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For these recipes we both agreed that Mezcal and Whiskey would be our go-to after humping a pack 10 miles to camp.

Modified Mezcal Margarita with Blackberry and Lemon Balm


– 1.5 ounces Mezcal (We used Madre)

– 1 ounce lime juice (we kept the squeezed lime in our drink to encourage the oil to permeate the cocktail and add a bright green note to the taste)

– 1 tbsp organic cane sugar

– Small handful of fresh blackberry

– 3-5 leaves fresh lemon balm


– In our case, we began by muddling the berries and sugar in the bottom of our cup directly (jar, whatever). If you have the tools, straining the blackberries is great. Making a shrub is an excellent way for this to last even longer and give you even more versatility.

– Add Mezcal, lime, ice (or snow), and shake.

– Press lemon balm leaves firmly but delicately to release oils without bruising the leaf and altering its flavor. Add to cocktail on the finish.

– For this drink, we simply left all ingredients in the jar and poured it into our glassware. The colors in our cocktail required no additional garnish.

Photo: Dustin Beatty

Modified Whiskey Sour


– 1.5 ounces Whiskey (we used the brand Wyoming Whiskey made in the Bighorn Basin in Wyoming. I love that place and their story!)

– 1 ounce verjus (we used Scribe Winery, a Sonoma Maker)

– 1/2 ounce lemon (rough measure, it’s the juice of one lemon)

– 1 tsp organic cane sugar

– 3 young Douglas Fir tips


– For the whiskey sour we combined the Whiskey, sugar and lemon first to give the sugar a better chance to dissolve before adding other ingredients (due to the fact that we used raw sugar rather than simple syrup).

– After dissolving sugar in the combined liquids we added verjus, ice, and two of our Fir tips and shook all ingredients.

– Pour into a cup and garnish with remaining fir. Enjoy!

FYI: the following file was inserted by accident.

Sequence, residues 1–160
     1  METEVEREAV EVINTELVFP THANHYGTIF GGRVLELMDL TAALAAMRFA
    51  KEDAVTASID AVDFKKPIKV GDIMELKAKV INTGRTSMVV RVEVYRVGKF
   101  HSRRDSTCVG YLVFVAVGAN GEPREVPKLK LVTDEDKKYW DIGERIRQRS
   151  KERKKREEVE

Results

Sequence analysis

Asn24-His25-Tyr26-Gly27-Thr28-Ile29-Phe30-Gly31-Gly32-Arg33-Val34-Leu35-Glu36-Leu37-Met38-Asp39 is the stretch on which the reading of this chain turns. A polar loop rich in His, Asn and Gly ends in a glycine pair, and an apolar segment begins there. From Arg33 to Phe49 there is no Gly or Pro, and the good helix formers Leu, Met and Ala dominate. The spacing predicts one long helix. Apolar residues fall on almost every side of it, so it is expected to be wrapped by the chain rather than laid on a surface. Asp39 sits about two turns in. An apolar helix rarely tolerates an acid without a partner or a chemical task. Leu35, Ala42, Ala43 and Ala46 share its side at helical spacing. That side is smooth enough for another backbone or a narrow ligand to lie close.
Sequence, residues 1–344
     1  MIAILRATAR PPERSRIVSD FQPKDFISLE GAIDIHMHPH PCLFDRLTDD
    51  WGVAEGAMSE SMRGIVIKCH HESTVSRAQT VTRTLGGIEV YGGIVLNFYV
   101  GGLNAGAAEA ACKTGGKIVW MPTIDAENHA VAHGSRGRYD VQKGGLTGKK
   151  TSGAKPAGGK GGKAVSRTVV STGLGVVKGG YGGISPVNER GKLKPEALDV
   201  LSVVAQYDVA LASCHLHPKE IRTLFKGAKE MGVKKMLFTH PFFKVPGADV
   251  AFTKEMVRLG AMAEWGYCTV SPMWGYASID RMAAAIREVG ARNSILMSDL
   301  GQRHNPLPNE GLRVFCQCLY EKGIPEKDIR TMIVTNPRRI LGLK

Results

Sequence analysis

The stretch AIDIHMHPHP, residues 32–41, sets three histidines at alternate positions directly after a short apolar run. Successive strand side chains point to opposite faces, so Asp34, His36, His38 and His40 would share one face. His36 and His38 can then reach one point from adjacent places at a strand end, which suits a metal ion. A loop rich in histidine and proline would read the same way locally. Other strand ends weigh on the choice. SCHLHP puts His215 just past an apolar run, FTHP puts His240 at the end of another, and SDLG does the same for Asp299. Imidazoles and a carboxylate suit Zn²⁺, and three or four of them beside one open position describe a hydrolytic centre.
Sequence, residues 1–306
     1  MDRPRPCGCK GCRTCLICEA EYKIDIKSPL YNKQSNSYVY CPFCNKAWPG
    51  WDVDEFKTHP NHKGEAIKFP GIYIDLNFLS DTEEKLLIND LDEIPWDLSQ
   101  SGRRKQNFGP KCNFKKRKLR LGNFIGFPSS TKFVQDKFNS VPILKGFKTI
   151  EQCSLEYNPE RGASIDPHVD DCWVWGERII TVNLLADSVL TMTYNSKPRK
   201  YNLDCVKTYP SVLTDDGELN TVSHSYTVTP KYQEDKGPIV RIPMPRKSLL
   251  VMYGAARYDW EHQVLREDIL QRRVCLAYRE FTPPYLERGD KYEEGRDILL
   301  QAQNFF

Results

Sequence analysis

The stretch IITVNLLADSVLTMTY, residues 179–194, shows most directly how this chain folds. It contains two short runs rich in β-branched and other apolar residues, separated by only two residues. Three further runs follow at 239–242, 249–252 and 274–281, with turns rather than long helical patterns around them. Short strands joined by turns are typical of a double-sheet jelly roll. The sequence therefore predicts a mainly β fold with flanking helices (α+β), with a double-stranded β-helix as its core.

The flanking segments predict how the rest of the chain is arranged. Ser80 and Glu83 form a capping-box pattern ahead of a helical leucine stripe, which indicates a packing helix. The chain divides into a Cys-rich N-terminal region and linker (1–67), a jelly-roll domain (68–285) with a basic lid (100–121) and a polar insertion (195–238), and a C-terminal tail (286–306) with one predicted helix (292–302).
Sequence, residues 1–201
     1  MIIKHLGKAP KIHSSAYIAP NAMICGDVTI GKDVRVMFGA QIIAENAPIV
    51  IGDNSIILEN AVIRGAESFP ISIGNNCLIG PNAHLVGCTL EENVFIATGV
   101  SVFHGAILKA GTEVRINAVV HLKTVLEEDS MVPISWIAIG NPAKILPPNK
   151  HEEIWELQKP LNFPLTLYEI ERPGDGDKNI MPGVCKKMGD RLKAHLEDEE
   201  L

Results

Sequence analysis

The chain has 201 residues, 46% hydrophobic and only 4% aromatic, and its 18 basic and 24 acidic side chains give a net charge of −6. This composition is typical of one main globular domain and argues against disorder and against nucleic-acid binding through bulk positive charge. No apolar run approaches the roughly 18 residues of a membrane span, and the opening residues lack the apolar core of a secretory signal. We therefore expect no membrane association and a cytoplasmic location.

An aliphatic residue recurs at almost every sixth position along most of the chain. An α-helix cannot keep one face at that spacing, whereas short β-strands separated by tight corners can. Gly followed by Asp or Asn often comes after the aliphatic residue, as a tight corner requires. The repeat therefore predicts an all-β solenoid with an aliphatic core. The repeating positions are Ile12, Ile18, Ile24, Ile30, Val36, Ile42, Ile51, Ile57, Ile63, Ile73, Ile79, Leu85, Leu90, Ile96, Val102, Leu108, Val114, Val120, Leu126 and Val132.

While foraging and overpopulation continue to have a major impact on the outdoors, we touch on the ways to be conscious about the mantra of “leave no trace.”

While we don’t anticipate a mass exodus to the mountains to be a backcountry bartender there are some things to keep in mind before you next pour.

“As people return to the land and wild flora for their plates [and drinks], it’s important to understand that there are plant populations that are important to indigenous communities and essential to their religious ceremonies,” De Vine tells me. “White Sage is a passion plant of mine. It’s a plant we see around, even on spice racks. However, it’s a plant that Native Americans use for smudging and a lot of those populations don’t have access to it. When a recipe calls for that I think it’s important that we find an alternative.

“United Plant Savers is a great resource for plants under threat or endangered. Before you head into a region pick up a guide book to inform you of the local foliage. Double check those against United Plant Savers because I think the social responsibility aspect will be a growing conversation. White Sage is a number one hot topic plant. A lot of our white American culture is disconnected from the ritual of that plant and we need to honor it.”

So the next time you strap a pack to your back, consider adding an alternative to the hip flask and bring a few extra items in your kit. With the right ingredients and mindset “you can have a cocktail moment after a dinner by the river that your friends will never forget,” De Vine reminds us. We’ll cheers to that!

Photo: Dustin Beatty